ISPS Handa World Super 6 Perth defending champion Brett Rumford and former world No.1 Lee Westwood are locked at the top of the leaderboard after the second round at Lake Karrinyup Country Club.
A strong wind blew throughout the course of the round making scoring difficult, particularly for the afternoon field. However, Rumford remained level-headed throughout his round to shoot even-par and stay at eight-under the card. He said the conditions meant a patient game was required in contrast to his round of 64 on Thursday.
“It was just rough from word go. It just hit you on the first tee, it was just, bang, straight in your face, just a completely different aesthetic,” Rumford said. “Every single hole looked different to yesterday, the way it played, your landing areas, everything. So it was a day just purely for concentration and just knocking them down. You couldn’t really go out and chase it today.
“I’m happy to have signed for 72, happy to be tied for the lead and obviously happy that I’m in that top-eight. Come what may tomorrow, No.1 would be nice, a little bonus there, but otherwise a top-eight is what I’m focused on.”
Westwood had a chance to finish Friday in the lead but a short putt lipped out on the 18th that led to a bogey, which saw him finish at two-under 70 and eight under in total.
“Not easy out there. I haven’t played it a lot and I know the wind can really pick up in Perth, but you don’t expect it to blow quite as strong as it’s blown today and it was tricky out there. You really have to have your wits about you,” Westwood said.
While Rumford said his aim over the first three rounds is to finish inside the top-eight to guarantee a spot in the second round of matchplay, Westwood said he believes Sunday is wide open to anyone in the top-24.
“I don’t look at it (the top-eight), no, I’m just trying to shoot as low as possible. I know if I carry on playing like I’m playing and a few putts start to go in, because I didn’t really hole any putts today, I’ll be thereabouts on the leaderboard.
“To be perfectly honest, matchplay is anybody’s. You’re going to need a lot of luck to win it.”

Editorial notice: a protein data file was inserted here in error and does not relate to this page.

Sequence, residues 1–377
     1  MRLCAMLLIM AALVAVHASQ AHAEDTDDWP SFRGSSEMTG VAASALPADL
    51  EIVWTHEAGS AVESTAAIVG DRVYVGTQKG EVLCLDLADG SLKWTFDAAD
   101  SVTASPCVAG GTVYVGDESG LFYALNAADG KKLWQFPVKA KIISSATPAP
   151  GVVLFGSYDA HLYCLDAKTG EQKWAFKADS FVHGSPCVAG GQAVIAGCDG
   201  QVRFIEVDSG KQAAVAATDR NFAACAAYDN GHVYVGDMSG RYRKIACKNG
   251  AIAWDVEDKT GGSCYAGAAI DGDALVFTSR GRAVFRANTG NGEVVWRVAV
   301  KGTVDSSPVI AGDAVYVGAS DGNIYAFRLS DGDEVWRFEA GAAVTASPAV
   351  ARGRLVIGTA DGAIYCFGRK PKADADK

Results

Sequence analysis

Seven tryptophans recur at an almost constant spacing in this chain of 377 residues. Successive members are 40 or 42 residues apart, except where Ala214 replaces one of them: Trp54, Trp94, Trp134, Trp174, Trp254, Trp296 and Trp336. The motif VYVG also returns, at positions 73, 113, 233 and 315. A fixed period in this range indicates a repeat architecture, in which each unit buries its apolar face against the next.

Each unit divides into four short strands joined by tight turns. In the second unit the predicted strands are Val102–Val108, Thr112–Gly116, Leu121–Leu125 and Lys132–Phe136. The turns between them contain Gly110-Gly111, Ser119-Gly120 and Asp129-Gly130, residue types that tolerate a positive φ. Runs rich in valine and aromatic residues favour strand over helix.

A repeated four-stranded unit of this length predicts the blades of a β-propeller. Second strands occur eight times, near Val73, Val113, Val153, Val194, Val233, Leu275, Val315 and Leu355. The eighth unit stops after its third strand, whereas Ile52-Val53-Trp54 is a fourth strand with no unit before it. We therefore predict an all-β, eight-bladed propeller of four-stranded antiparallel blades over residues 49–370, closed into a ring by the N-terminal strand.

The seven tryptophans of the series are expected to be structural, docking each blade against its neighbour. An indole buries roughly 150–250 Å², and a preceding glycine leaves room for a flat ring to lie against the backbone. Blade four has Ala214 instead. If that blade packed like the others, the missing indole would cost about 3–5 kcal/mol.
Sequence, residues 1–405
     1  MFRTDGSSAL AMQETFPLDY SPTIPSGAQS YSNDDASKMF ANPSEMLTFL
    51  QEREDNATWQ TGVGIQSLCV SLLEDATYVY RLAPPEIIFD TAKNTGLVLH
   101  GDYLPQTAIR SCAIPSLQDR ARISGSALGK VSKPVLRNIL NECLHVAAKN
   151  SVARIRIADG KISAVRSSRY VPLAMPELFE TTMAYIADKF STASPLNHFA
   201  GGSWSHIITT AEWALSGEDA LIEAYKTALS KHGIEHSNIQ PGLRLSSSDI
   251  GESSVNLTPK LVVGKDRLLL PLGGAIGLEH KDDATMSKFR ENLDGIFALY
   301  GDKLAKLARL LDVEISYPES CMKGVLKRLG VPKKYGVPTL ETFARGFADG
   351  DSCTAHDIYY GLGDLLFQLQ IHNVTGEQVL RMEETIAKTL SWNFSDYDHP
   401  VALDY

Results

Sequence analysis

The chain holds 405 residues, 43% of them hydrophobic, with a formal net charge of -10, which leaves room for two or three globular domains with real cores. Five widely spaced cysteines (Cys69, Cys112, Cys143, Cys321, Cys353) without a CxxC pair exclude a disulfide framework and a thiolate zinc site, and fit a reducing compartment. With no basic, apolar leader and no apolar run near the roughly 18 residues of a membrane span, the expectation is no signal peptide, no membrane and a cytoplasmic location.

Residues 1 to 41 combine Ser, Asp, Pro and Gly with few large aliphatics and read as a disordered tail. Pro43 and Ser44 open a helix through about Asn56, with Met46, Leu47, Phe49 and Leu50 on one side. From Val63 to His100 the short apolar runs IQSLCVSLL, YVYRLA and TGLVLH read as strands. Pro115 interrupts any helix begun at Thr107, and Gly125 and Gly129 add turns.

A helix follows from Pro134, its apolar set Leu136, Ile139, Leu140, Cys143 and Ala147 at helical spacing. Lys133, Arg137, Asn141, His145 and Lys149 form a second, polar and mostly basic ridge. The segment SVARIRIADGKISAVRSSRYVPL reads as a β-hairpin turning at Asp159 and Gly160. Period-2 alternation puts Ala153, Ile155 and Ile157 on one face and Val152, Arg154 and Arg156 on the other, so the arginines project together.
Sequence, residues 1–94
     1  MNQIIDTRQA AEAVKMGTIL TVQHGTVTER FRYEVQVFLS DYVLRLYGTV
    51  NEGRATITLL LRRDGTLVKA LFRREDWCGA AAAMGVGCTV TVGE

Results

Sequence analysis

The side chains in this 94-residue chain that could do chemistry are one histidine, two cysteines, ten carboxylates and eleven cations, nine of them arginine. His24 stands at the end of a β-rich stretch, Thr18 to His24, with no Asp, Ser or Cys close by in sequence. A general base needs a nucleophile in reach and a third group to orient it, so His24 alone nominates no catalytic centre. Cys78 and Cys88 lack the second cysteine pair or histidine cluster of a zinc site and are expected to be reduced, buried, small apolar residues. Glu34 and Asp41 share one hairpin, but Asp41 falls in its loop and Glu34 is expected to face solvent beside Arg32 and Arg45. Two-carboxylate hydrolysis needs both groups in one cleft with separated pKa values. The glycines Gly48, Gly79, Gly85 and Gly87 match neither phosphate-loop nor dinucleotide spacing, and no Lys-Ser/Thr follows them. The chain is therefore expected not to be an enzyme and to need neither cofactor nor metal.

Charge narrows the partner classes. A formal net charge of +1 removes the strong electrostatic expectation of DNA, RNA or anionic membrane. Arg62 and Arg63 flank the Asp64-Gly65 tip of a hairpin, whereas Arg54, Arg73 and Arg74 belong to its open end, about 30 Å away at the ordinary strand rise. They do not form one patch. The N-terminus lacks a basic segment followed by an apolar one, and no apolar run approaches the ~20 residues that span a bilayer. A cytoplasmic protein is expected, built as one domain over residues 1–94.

Thailand’s Prom Meesawat also finished his round with two-under 70, a bogey on the 18th costing him a share of the lead as he sits seven under.
After making the cut last year but ultimately finishing outside the top-24, he won’t be looking for a top-eight finish and will focus on his own play heading into round three.
“There’s still a lot of golf to play and also a lot of good players here this week and I’m just going to stick with my game and just try to do my best,” Meesawat said.
Playing in the final group of the day, Scotsman Grant Forrest was able to make an impressive par to finish his round on four-under 68 and sit seven under overall.
“I hit it really well off the tee so it made the course a lot more playable. You know, it wasn’t easy to get close to a lot of the pins, especially today with the wind. So, yeah, just much of the same, try and keep rolling some putts in,” Forrest said.
Denmark’s Thorbjorn Olesen and Victorian Lucas Herbert climbed the leaderboard early in the second round at Lake Karrinyup. Olesen, beginning from the 10th tee, turned his form around after a frustrating opening round to shoot five-under 67, moving to seven under.
Teeing off in the morning was an advantage for both Olesen and Herbert as the winds picked up across the course.
Olesen just missed out on qualifying for last year’s top-24, admitting his play in the third round was not up to scratch 12 months ago.
“I really, really like this golf course, I think it’s really good, and last year I just had a bad Saturday and I’ll try to do that different [Saturday].”
Herbert, who did qualify in the top-24 last year, shot a round of three-under 69 to join Olesen.
The cut was made at even par with 79 professionals and one amateur making the third round.